George Russell began karting in 2006, becoming MSA British champion and British Open champion. In 2010 he moved to the Rotax Mini Max category where he became Super One British champion, Formula Kart Stars British champion and also won the Kartmasters British Grand Prix.
He would move up to the KF3 class in 2011, winning the SKUSA Supernationals title and becoming CIK-FIA European Champion, a title he defended successfully in 2012. In his final year of karting in 2013, Russell finished P19 in the KF1 CIK-FIA World Championship.
Russell made his single-seater debut in 2014 in the Formula Renault 2.0 Alps Championship, ending the season P4. He also contested two rounds of the Eurocup Formula Renault 2.0 Championship, winning the final round of the season from pole as a guest entrant.
He would win the BRDC Formula 4 Champuionship in 2014 and in December of that year became the youngest-ever winner of the prestigious McLaren Autosport BRDC Award to earn himself a £100,000 cash prize, British Racing Drivers' Club membership and a Formula One test with McLaren.
In February 2015, Russell was announced as one of the twelve drivers selected to join the British Racing Drivers' Club SuperStars programme, the youngest-ever recruit to the scheme.
After two seasons in the FIA Formula 3 European Championship Russell stepped up to GP3, winning the title in his first season, before doing the same again one year later in his debut F2 season.
As one of the grid's youngest and least experienced drivers, Russell unsurprisingly earned less than the vast majority of his colleagues in the Williams days.
Even so, the Brit reportedly brought in a tidy $1.2million a year, according to the 2020 edition of Business Book GP, though his salary that year would have been lower after he accepted a 20% wage cut, in a bid to help Williams through the financial strains of the global pandemic.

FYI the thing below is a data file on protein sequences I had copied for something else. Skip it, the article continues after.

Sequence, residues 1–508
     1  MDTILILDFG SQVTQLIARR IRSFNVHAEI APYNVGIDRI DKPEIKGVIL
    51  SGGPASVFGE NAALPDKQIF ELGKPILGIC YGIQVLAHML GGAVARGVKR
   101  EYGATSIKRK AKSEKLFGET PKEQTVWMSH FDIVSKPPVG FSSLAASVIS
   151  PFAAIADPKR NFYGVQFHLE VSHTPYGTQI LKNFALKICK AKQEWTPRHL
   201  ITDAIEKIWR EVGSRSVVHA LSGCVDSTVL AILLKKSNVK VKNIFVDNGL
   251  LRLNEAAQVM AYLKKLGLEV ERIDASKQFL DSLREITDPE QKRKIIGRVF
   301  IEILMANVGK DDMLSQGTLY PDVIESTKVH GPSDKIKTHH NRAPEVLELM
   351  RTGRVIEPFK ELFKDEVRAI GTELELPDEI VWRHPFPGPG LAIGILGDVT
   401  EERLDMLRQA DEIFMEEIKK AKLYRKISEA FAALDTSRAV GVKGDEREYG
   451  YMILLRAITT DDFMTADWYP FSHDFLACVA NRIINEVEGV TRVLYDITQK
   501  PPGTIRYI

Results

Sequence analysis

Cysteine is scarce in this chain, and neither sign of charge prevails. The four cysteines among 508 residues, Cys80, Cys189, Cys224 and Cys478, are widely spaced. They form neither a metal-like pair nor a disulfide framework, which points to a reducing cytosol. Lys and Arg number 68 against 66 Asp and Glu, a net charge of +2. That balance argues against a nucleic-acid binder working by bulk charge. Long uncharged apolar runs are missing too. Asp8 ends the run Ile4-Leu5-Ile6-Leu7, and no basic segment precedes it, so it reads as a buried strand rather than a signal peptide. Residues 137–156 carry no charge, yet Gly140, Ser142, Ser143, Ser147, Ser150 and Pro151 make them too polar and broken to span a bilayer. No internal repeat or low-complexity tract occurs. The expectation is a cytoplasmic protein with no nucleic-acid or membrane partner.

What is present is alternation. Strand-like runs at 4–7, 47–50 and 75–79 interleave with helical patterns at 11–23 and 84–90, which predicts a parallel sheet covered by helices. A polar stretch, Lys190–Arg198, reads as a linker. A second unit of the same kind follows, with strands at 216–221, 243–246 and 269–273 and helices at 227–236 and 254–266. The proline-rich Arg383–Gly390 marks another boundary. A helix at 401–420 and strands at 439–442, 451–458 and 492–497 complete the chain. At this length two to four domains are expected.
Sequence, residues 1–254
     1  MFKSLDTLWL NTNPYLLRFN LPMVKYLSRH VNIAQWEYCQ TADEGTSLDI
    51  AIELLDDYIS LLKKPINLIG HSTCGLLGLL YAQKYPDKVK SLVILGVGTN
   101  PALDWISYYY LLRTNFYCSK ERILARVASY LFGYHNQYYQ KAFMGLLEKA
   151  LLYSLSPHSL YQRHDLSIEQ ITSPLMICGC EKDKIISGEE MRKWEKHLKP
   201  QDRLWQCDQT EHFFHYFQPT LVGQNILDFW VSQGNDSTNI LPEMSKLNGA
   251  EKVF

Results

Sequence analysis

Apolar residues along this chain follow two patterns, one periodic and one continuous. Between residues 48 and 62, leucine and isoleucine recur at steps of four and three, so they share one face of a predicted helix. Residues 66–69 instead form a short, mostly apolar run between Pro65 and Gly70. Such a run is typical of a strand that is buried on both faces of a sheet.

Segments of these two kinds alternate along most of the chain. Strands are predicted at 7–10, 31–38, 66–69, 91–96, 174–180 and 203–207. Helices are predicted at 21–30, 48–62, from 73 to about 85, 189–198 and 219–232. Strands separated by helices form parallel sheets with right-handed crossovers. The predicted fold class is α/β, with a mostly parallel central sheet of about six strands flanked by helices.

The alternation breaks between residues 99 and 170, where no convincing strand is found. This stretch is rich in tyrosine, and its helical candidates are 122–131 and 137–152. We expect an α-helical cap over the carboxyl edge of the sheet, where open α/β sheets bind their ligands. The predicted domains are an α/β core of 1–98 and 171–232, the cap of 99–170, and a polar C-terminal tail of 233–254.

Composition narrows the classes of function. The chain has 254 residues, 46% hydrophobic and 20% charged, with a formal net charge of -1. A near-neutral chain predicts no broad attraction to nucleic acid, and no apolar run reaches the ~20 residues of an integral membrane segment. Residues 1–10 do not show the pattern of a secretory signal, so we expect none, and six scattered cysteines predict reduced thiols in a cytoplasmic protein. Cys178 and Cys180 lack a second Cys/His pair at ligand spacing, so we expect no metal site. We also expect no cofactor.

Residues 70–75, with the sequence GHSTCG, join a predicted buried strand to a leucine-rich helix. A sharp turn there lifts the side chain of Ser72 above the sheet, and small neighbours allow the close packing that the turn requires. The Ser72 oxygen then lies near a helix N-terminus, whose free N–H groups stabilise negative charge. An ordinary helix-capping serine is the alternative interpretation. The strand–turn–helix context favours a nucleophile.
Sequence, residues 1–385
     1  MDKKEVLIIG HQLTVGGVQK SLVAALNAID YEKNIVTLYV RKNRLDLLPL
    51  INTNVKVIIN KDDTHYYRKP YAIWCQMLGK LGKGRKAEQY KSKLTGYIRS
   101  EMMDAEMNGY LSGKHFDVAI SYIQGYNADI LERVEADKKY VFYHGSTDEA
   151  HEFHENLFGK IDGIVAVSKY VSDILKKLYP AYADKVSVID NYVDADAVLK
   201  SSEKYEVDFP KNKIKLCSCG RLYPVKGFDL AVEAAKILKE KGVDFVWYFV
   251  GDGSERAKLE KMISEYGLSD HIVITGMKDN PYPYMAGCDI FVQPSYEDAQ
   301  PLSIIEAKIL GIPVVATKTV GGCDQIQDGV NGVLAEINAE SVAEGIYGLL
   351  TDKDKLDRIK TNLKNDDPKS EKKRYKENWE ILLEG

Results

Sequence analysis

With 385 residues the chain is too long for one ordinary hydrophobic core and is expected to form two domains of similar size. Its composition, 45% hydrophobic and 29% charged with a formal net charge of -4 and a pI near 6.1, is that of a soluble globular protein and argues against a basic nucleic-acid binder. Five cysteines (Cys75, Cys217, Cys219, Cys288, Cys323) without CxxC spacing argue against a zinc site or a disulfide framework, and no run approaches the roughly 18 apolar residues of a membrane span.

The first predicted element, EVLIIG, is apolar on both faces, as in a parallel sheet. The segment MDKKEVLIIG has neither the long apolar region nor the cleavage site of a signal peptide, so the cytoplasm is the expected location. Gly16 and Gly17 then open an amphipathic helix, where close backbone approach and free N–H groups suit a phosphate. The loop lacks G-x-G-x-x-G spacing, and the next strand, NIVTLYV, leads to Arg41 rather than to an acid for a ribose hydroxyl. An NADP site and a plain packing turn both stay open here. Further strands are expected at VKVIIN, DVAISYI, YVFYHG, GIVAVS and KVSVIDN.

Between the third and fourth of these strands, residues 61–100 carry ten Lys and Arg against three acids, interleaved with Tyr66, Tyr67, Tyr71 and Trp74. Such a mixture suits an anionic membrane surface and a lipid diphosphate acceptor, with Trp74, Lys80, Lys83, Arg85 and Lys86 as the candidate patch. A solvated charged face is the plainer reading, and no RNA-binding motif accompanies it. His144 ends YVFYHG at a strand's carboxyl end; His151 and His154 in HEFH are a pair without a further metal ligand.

Still, he saw a hefty pay rise as a full-time Mercedes driver, with Forbes pinpointing his Mercedes 2023 salary at $8 million.
That will have been topped up by his sponsorship deals with Mercedes, Bell Helmets and Puma, according to his website. Russell has an estimated net worth of $16m.
George Russell was born to Alison Russell and Steve Russell - he also has a brother called Benjy.
Russell was in a long-term relationship with Seychelle de Vries, sister of 2019 Formula 2 Champion Nyck de Vries.
It was unclear for some time though whether or not they were still together to this day - Russell hadn't shared any pictures with her on his social media pages, but Seychelle was snapped with Russell after he won the 2017 GP3 Series title, the caption reading: "My champion".
The pair also celebrated Christmas together in 2018 according to her Instagram account.
However, post-season pictures were released of Russell and Carmen Montero Mundt strolling along the beach in St. Barts, with reports stating that they are in a relationship.
Little is known about Mundt, though she is apparently a University of Westminster graduate and works at London-based investment company W1 Investment.